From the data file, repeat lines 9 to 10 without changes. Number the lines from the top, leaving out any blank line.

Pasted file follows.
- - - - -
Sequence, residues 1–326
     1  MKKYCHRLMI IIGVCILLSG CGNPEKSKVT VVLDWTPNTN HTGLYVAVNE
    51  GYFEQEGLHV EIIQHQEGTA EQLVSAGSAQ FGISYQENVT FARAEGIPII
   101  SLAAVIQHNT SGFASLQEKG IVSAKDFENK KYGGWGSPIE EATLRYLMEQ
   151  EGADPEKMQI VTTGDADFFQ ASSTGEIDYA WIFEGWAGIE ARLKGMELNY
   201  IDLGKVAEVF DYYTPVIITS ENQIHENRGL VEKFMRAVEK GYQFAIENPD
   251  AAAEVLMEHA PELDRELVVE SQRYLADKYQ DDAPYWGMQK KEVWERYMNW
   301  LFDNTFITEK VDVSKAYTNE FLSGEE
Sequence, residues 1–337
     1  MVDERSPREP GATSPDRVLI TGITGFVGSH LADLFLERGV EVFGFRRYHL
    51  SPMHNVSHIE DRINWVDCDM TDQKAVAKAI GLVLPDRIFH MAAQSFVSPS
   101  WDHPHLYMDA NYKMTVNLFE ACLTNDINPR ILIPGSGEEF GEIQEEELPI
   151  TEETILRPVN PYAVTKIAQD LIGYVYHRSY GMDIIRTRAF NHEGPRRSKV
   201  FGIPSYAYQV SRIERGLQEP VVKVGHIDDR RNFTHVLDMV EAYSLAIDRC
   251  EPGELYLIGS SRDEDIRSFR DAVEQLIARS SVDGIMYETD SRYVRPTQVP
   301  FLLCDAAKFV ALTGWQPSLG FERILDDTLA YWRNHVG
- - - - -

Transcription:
Sequence, residues 1–337
     1  MVDERSPREP GATSPDRVLI TGITGFVGSH LADLFLERGV EVFGFRRYHL